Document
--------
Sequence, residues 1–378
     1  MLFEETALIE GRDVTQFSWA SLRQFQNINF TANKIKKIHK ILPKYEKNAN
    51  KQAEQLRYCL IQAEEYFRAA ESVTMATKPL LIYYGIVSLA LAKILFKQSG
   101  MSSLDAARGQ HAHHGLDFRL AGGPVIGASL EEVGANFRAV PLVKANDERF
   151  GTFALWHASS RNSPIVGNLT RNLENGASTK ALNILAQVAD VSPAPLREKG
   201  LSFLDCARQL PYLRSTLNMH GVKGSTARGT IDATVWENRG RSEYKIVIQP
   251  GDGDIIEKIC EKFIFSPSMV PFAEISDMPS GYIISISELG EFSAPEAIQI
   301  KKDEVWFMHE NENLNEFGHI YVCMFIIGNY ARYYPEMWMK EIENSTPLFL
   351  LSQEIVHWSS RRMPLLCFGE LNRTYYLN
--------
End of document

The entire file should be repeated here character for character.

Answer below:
Sequence, residues 1–378
     1  MLFEETALIE GRDVTQFSWA SLRQFQNINF TANKIKKIHK ILPKYEKNAN
    51  KQAEQLRYCL IQAEEYFRAA ESVTMATKPL LIYYGIVSLA LAKILFKQSG
   101  MSSLDAARGQ HAHHGLDFRL AGGPVIGASL EEVGANFRAV PLVKANDERF
   151  GTFALWHASS RNSPIVGNLT RNLENGASTK ALNILAQVAD VSPAPLREKG
   201  LSFLDCARQL PYLRSTLNMH GVKGSTARGT IDATVWENRG RSEYKIVIQP
   251  GDGDIIEKIC EKFIFSPSMV PFAEISDMPS GYIISISELG EFSAPEAIQI
   301  KKDEVWFMHE NENLNEFGHI YVCMFIIGNY ARYYPEMWMK EIENSTPLFL
   351  LSQEIVHWSS RRMPLLCFGE LNRTYYLN